‘I’m disabled and paying for sex’-A BBC documentary

Strolling through the internet can and mostly likely will lead down a spiral of weird google searches but this one… well, came to me as a huge surprise.

Alex Squire is a young disabled man from the UK who has resorted to using escorts because he claims if he did not pay for sex, he’d never experience the things he has. He is wheelchair bound and blogs his life, exploring his disability and sharing his own story with others, which is where his openness to talk about his sex life bloomed. Alex has had girlfriends in the past but claims that there is always problems; that they loose interest, cannot deal with his medical issues or just grow bored. However, he has also used escorts to fulfil his sexual needs. The documentary explores how he has to be hoisted into the bed as he cannot physically pull himself up, then Alex states that once he is on the bed and undressed, the escort can do as she pleases… or he pleases.

One of the female escorts who comments throughout the video on her relationship between sex and disabled partners claims that she escorts gentlemen who have never even been cuddled before, that most of the time it is not a sexual interaction these men desire, just affection. This blew my mind and certainly pulled on the heart strings- that someone has to pay a total stranger for a service that they should receive freely from family or friends. The female sex worker explains that sometimes she is paid for simply spending time with someone, just watching TV with them or chatting to them which she believes is due to the fact she does not treat these men as disabled, purely as payment. She specialises in disabled clients as she was previously a care worker, commenting on how a disabled persons body is ‘very exposed’ to other people but in a non-sexual physical way, they are touched constantly throughout the day, in their intimate reigns in a non-sexual way, she knows this from her own care work. In the video she claims that these individuals loose that sexual connection as they become so numb to being handled by others, which is why she is so passionate about working predominately with disabled clients.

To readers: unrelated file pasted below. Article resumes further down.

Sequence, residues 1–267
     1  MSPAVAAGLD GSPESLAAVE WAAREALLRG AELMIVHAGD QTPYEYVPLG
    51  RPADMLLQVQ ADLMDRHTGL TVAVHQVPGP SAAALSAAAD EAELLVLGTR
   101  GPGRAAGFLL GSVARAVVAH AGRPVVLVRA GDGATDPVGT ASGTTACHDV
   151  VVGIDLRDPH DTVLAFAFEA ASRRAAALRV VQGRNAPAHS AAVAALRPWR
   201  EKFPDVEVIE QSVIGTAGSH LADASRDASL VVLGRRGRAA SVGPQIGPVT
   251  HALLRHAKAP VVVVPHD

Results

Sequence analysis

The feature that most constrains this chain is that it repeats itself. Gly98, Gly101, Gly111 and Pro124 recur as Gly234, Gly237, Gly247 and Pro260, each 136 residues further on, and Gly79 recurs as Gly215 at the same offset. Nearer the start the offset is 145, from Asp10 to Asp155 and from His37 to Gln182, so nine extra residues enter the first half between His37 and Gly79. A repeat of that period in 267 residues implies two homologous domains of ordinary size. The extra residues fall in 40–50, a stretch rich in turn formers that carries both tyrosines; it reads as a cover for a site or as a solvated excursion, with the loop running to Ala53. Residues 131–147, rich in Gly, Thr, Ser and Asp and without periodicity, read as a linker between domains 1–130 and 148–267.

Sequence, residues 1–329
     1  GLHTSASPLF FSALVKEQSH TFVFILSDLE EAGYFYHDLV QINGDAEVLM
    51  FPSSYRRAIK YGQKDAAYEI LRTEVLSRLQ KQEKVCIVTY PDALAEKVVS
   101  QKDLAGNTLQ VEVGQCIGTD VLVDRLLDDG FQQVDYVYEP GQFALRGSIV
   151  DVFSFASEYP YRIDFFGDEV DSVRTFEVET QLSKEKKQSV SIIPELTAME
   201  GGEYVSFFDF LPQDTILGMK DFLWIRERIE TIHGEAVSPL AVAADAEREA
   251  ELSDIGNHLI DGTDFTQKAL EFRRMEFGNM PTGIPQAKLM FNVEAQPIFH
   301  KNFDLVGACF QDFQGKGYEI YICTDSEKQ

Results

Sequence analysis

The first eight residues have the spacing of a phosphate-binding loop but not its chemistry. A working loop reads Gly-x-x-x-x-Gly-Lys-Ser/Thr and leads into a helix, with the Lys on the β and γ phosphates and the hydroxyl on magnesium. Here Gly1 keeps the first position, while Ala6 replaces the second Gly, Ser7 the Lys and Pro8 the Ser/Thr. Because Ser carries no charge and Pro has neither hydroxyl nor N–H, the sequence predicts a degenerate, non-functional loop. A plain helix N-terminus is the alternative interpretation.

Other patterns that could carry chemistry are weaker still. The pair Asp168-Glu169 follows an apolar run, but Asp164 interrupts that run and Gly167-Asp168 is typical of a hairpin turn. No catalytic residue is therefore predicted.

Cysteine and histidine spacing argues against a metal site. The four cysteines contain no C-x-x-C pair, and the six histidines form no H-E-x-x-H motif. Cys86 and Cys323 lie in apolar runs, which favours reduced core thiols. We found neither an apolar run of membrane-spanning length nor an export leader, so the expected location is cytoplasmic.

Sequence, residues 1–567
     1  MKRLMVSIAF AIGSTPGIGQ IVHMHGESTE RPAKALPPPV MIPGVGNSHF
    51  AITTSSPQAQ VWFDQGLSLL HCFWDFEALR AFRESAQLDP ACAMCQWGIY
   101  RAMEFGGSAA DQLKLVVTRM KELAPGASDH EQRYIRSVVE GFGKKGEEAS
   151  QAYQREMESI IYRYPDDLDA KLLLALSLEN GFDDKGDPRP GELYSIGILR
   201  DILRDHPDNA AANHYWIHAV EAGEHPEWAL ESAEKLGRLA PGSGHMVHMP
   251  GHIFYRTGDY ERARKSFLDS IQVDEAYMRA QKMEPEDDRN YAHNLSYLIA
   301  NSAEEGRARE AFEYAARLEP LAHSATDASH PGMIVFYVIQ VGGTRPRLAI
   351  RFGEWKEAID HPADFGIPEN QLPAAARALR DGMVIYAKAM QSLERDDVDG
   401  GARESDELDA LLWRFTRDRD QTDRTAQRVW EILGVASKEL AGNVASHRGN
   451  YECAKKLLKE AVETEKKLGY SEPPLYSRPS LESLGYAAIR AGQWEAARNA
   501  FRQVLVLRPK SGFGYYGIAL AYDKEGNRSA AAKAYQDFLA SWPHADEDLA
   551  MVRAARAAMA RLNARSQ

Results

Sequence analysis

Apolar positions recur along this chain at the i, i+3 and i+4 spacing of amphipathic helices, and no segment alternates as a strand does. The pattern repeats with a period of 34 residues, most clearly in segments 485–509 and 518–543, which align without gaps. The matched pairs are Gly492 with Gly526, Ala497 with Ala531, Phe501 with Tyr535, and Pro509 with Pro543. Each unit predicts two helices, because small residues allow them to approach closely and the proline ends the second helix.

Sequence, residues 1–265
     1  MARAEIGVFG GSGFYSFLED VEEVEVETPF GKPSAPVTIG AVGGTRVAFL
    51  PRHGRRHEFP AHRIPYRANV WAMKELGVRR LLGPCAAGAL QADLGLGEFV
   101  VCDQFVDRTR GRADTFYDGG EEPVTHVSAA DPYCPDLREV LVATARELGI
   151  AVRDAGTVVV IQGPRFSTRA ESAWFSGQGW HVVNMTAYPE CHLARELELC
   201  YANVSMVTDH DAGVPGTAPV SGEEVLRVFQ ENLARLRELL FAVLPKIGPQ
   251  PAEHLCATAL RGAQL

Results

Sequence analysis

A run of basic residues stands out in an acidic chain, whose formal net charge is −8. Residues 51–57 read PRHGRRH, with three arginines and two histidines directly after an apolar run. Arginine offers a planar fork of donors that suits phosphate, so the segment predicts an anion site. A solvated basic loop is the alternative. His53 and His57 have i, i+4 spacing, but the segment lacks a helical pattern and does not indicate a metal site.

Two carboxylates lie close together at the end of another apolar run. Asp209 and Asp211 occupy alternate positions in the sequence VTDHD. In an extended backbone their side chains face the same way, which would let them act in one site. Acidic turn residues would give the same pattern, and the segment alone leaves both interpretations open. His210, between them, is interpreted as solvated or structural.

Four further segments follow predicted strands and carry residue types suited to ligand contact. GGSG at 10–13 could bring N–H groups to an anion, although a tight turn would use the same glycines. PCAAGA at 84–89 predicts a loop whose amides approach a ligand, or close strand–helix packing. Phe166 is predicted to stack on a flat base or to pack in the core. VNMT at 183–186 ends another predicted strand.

Emily Yates, a charity worker, states that sex work should most certainly be an option for disabled people but should not be the ONLY option. The issue she brings up is that disabled people are expressing that they want to be sexual but all they receive as a reply is, ‘go pay for it then’. Her podcast ‘The Love Lounge’ helps break the taboo of sex workers and disabled clients.

Alex states that if he was on his last £300 (which is the price of one evening with an escort) he would not pay for it, stating that it is a luxury more than a necessity for him. This brings the question of should disabled people pay for sex workers or should there be a discounted price for those with physical and medical needs? But then does this discriminate against those disabled clients further? Alex claims that he only pays for sex when he finically can but is this moral? And of course the issue of disability benefits is brought into the picture, that money is completely theirs to use as they please but of course, people find issue with using that money for sex rather than living cost and bills.

Alex finishes the documentary by explaining how he would want love a long-term relationship but of course there are issues with maintain one as a disabled man. ‘In the meantime escorts are a solution but not a long-term one.’

Interestingly, it is not illegal for care workers to provide their patients with sex workers. They have a legal obligation to care and provide for their patient, to have access to a full healthy life which includes relationships and sex. That even is written in the Equality Act! As explored in the documentary, it is a fundamental human right and if care workers do not give access to pleasures that ‘ordinary’ people have, then they are not providing for their patient.

Graham, sex therapist for disabled individuals; ‘You don’t die from lack of sex like you do with food and water. But really? There are parts that do die.’

Graham states that this is the perfect time for a sex revolution. Society should cooperate with those with needs and help them live a somewhat normal life to their best ability. Graham states that he will not be surprised if a law for sex in relation to escorts and disabled individuals will be national health and mandatory. However, when two thirds of society feel uncomfortable talking to disabled individuals then how can that bridge be created between sex, sex workers and the disabled? How will we get sexual equality?… EDUCATION!

I think we must remind ourselves that those who are disabled are just like us! They have sexual needs but unlike us cannot explore them freely or engage in relationships, we must remember that we are all human and sadly, I think we sometimes forget that. This documentary opened my eyes and reminded me of that fact. The disabled are entitled to the lives that we have and we must provide for them in the best way we can.

 

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